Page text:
The month of March marks the celebration of Women’s history and their many and ongoing contributions. These contributions represent a plethora of achievements in multiple areas, and are deserving of more than just one month to give them special recognition. We take this time highlight the achievements and contributions especially by Black women in the area of comics. We shine the spotlight today on the first African American woman to have a syndicated comic strip, as well as the creator of the first African American comic character; Jackie Ormes.
Ormes was born Zelda Mavin Jackson on August 1, 1911 to William Winfield Jackson and Mary Brown Jackson. Her father owned a printing company and movie theater, and was killed in an automobile accident in 1917. She and her sister lived with other family members briefly, but when their mother remarried, they relocated to a nearby suburb where they set up permanent residence. Ormes’; nicknamed “Jackie” in school for her last name; path to journalism started while in high school where she handled the art duties for her school yearbook, and displayed the wit that would become her trademark. Her correspondence with the editor of the Pittsburgh Courier,
which was an African American newspaper that was published weekly on Saturdays, garnered her attention and led to a job with the paper as a reporter. Her first assignment for the paper was to cover a boxing match, which she aptly performed. She became a reporter and proofreader for the paper after high school, and in May of 1937 debuted her comic strip, Torchy Brown in “Dixie in Harlem”. The cartoon told the story of a young woman from Mississippi who left home to experience adventure and become a famous singer up North at the Cotton Club. The comic strip made Ormes the first professional African American female newspaper cartoonist. The strip ran for one year in the Courier. She relocated to Chicago with her husband Earl Ormes, whom she married in 1931; a began taking classes at the School of the Art Institute of Chicago. She penned a society column for The Chicago Defender in the mid-1940s for a brief period of time and in 1945 debuted her next big work, Candy, depicting a wisecracking, sultry domestic worker. The single panel cartoon ran for four months.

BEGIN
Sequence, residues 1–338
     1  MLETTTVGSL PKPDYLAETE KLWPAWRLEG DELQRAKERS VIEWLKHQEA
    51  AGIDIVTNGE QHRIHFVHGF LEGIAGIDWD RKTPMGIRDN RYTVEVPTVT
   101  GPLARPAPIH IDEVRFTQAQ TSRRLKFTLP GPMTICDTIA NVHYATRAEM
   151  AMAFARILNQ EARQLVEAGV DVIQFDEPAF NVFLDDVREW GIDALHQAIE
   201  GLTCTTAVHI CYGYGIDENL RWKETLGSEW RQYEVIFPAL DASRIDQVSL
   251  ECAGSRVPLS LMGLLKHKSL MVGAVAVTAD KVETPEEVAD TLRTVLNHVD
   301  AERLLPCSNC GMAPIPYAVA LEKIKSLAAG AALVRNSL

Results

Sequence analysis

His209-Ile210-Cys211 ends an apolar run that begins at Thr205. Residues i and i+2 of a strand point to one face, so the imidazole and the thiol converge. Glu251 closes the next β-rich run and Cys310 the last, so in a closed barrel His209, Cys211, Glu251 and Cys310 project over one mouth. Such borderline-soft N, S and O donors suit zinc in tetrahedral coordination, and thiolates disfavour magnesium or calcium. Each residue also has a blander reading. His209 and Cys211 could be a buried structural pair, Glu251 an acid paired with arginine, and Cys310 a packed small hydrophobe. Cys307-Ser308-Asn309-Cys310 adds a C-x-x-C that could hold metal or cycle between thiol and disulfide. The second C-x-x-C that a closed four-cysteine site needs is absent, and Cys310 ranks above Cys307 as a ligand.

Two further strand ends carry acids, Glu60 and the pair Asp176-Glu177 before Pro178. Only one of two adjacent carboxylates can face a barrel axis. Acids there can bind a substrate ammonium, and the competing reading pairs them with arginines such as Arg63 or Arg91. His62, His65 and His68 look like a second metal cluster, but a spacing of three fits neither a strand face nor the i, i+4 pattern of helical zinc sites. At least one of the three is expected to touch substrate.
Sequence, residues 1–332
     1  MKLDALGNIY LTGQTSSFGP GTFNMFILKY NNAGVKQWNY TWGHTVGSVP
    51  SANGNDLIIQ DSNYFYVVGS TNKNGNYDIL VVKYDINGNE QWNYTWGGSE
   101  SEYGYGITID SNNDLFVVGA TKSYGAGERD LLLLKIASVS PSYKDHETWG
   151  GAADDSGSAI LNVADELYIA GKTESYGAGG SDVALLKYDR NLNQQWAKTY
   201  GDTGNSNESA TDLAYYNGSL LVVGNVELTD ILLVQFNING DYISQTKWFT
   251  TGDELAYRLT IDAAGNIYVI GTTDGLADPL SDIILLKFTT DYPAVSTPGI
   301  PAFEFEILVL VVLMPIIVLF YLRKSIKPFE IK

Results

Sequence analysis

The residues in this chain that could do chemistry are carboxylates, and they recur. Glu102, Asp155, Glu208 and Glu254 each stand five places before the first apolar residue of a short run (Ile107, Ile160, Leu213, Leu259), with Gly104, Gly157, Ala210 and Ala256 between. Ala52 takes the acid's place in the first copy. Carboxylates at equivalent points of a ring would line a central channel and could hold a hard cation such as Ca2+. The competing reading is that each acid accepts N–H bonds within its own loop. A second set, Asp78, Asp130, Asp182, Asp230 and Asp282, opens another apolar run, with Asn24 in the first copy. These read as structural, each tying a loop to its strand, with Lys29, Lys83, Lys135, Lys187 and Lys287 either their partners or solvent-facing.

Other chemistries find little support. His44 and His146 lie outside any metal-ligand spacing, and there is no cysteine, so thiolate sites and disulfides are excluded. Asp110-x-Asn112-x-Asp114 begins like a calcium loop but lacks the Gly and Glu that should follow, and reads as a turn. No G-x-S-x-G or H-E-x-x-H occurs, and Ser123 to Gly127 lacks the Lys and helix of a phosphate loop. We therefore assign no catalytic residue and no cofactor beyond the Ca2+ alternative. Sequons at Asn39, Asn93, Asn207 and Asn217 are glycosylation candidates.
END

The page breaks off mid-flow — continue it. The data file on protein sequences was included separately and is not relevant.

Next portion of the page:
She returned to the Courier in September of 1945 and their she debuted her Patty-Jo n Ginger comic which would become her longest running cartoon, running for 11 years. The comic feature little sister Jo, who would provide political commentary with big sister Ginger standing silently by. The comic inspired Ormes to create a Patty Jo doll. Ormes also brought back her character Torchy Brown, this time in a series titled Torchy in Heartbeats, which started in 1950 and ran for 4 years. The comic strip turned into an 8 page insert, and included a Torchy Brown paper doll and paper fashion accessories.
Ormes had become known for her using her comic strips to provide commentary on political and social issues of the day. She was able to mix her excellent sense of style and fashion along with her mastery of drawing the female form along with the things she observed in real life that not only affected the black community, but society at large. With Patty Jo n Ginger, she was able to cover a wide array of topics and all the while maintain the class and humor her comic strips had come to symbolize. At the end of her Patty Jo n Ginger run she turned her attention to becoming more involved in community activism through her fashion shows. She eventually garnered enough attention to warrant an FBI investigation into her.
Jackie Ormes is celebrated as a trailblazer for not only African American women, but for all women. Her mastery of the feminine form and outstanding sense of style, as well as her politically charged commentary, make her a leader among her peers.